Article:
Morgan: It would’ve been really easy to just be the Negan we met coming out of the trailer that day. I could’ve done that for years. … But what I loved about this role was that I got to mature and I got to show different sides. We got to see in that flashback episode, “Here’s Negan,” why he became the man he did. It doesn’t matter what the audience thinks because they’re gonna have their opinions regardless, but it would matter what Daryl Dixon thinks or these other characters I have to interact with. What did Negan have to do to find that redemption in their eyes? I think he was OK if they didn’t like him, but then he’d save someone’s life — I think he saved everyone’s life in the last five years. Now he is becoming part of that family. He’s the uncle no one wants to talk to at Thanksgiving, but he is also a very important part of that family and keeping them alive in some sense.
Ridloff: “On the Inside” is probably one of my favorite moments for Connie. It showed lots of her trauma from the cave and how she dealt with that trauma, how she embraced her fear at the end and uses that fear as a power. I think [that episode] was when they really trusted me to take over, take the reins. If you look at Connie in Season 9 as opposed to “On the Inside,” it’s such a massive difference. There’s a lot more vulnerability.
I had just come back from London [where she shot “Eternals”] and Greg Nicotero, he directed that episode, [and] I was thinking about how I could communicate with him. And on the very first day I saw him, he started signing to me. I was like, “Wait, what? What is happening?” Greg took it upon himself without telling me to get a tutor to learn American Sign Language during his free time.
McBride: These dinners we would have when somebody was leaving. … It’s a celebration of character and a celebration of life ceremony, honoring the work that they did, the love they put into it, seeing them off in such a beautiful way. I was lucky to have some of those in my home. The planning that went into it, some of these dinners, there [were] costumes involved. … It’s emblematic of how sweet and wonderful and beautiful these people are, and how much we care for one another.
Reedus: Beth — Emily — that was a big one for me. I really liked our relationship, and I really like her a lot. Our stories were working really well together when it happened. [Jon] Bernthal was a good one. Steven [Yeun] was a good one.
Scott Wilson [who played Hershel, Maggie and Beth’s father, and died in 2018] for sure, in every aspect of “Goodbye.” I really loved that guy. He was one of a kind, that guy. [Reedus points out that he’s wearing a patch executive producer Tom Luse made for people who had to visit the medic on the show, based on a Purple Heart but with Wilson’s profile: a “Purple Hershel.”]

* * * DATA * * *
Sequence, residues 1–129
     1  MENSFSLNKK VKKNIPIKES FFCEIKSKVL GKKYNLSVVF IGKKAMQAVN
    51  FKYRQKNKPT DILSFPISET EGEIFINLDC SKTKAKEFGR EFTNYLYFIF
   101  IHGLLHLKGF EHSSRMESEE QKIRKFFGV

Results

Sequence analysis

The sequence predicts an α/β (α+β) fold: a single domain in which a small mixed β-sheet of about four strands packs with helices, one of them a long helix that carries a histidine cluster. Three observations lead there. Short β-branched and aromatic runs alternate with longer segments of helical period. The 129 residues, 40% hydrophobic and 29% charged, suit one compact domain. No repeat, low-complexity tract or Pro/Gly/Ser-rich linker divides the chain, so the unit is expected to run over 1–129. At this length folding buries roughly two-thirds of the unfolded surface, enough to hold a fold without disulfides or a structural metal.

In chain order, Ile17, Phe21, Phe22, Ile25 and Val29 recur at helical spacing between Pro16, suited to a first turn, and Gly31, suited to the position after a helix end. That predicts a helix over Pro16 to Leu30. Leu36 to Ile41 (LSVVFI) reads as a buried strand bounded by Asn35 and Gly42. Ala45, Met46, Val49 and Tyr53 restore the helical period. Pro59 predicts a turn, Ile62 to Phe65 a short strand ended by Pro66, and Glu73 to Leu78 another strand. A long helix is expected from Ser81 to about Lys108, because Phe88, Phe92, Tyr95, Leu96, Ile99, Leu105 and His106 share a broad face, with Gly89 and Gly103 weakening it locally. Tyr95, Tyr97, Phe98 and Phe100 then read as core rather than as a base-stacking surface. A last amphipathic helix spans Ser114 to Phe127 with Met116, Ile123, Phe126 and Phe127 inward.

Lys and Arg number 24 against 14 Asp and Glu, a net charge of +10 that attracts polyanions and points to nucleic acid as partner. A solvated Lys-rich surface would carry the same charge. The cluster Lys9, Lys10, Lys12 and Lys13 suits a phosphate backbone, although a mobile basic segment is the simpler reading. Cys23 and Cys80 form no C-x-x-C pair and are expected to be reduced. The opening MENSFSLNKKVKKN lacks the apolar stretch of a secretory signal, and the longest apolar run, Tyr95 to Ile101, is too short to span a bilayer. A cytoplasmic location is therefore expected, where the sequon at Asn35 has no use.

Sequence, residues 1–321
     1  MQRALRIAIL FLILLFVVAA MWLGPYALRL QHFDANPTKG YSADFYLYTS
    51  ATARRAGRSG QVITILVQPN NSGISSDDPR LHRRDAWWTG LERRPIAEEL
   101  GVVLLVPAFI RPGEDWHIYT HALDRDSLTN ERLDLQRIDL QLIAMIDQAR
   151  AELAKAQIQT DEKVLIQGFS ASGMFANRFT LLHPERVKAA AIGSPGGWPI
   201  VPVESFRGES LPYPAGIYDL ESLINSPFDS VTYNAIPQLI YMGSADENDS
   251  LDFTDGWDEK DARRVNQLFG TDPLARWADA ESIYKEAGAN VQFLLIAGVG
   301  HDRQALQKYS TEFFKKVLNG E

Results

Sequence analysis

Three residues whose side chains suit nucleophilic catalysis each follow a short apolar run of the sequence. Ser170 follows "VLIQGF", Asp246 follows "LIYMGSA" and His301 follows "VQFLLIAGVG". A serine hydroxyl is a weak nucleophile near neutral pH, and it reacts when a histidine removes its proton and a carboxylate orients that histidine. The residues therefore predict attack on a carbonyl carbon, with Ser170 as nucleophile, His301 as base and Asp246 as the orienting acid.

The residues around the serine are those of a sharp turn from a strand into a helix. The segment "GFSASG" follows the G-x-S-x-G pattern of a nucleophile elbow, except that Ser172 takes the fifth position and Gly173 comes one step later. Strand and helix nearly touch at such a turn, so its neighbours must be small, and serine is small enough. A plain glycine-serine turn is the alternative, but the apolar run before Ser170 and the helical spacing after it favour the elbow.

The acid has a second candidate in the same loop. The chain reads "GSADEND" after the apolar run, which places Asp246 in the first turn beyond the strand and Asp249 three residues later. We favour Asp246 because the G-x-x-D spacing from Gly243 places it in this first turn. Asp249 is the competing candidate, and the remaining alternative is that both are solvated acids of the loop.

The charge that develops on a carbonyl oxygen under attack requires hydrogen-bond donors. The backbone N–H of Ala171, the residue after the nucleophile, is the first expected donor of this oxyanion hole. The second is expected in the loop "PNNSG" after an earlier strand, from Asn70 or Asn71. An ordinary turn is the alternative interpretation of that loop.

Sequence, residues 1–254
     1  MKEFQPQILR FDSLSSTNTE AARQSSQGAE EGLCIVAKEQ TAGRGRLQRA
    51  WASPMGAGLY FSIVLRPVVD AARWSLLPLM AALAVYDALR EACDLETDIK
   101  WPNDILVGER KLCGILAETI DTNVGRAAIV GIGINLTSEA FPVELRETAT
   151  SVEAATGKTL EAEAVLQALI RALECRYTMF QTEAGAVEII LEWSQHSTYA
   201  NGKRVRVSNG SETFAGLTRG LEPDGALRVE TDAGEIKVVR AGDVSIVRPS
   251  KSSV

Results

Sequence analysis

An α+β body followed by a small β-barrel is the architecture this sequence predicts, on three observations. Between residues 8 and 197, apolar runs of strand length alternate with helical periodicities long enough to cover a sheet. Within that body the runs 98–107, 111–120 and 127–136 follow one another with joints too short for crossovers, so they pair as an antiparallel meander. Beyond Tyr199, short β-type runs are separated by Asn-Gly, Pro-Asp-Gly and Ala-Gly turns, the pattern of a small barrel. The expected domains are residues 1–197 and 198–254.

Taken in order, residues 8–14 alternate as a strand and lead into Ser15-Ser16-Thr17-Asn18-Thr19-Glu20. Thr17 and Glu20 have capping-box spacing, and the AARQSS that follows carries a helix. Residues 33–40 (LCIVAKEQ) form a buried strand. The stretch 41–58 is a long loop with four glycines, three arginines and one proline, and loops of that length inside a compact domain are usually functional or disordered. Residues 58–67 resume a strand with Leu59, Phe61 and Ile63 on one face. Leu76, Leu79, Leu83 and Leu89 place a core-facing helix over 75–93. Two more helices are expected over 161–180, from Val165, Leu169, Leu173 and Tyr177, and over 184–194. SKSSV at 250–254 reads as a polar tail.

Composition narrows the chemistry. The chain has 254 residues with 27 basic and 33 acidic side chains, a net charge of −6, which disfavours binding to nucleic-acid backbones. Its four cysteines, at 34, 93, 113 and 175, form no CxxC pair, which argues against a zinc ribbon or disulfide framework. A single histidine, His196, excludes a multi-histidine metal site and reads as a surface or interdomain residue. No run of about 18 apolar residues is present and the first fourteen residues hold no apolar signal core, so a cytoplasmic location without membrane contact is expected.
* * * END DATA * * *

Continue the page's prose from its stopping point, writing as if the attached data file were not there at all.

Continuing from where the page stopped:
Cohan: Scott Wilson, really. … I honestly cannot believe sometimes that I got to have him pretend to be my dad for the amount of time that we did, because there is nobody like him. He’s who you wanna be on so many levels. Funny as hell. Just thoughtful and loving and really, really funny. It’s really good to have quality time with someone that you respect so greatly and to know that they knew that you loved them. That’s what it’s all about.
Marquand: I think we were filming that last season for 15 months. That can take a toll on you mentally and emotionally. So we were in [a] mad dash to finish the show, but once it finally wrapped and they shot off these confetti cannons and all of this confetti is blowing over our heads and it’s like, “That’s a wrap on ‘The Walking Dead’” … it was a really intense, beautiful moment. And then all of a sudden, I think the relief and the sadness and the reality of it just kind of washed over everybody, and we’re like, “Oh my God, it really is over.”
Ridloff: Honestly, it was chaos. It was almost like high school graduation, and that date kept getting postponed. … They kept changing our wrap date because things kept coming up. It’s really nice to watch the episodes now because it felt so chaotic at the time.
Kang: On the last day, I really loved Norman’s speech. He’s not the type that gives speeches much. I thought he gave a really funny and heartfelt speech about [how] he’s gonna miss people, it’s surreal. That was really moving. And when Cailey [Fleming, who plays Judith] and some of the kids said goodbye, because for them this was such a special experience and some of them became close friends with each other — it was moving to see everybody’s speeches and the love that flowed. It was a lot of crying and then going on to the next setup. That was the experience of the final episode.
Gimple: I was so busy and so focused, so intense, so desperate to do right by everybody that I always had my head down on my computer or eying some location. … I don’t think anybody on this entire production would be like, “Oh man, there was a guy who, who’s enjoying himself.” I look back at it now, and I wish I just took a breath and just took in just how amazing all those people are. It was the greatest summer camp ever. I had no idea how amazing it was when it was happening, but I know now.
Series finale of ‘The Walking Dead’
When: Sunday, 9 p.m.
Rating: TV-MA (may be unsuitable for children under the age of 17)
The Walking Dead
The Series Finale
SEASON 11 , EPISODE 24AIRING NOV 20, 2022TV-MA FINALE
Daryl and Carol rush Judith to the hospital; Rosita, Eugene, and Gabriel search for Coco; Maggie and Negan take arms against Pamela; the heroes assemble for one last stand.
Sunday at 9:00 PM AMC and AMC+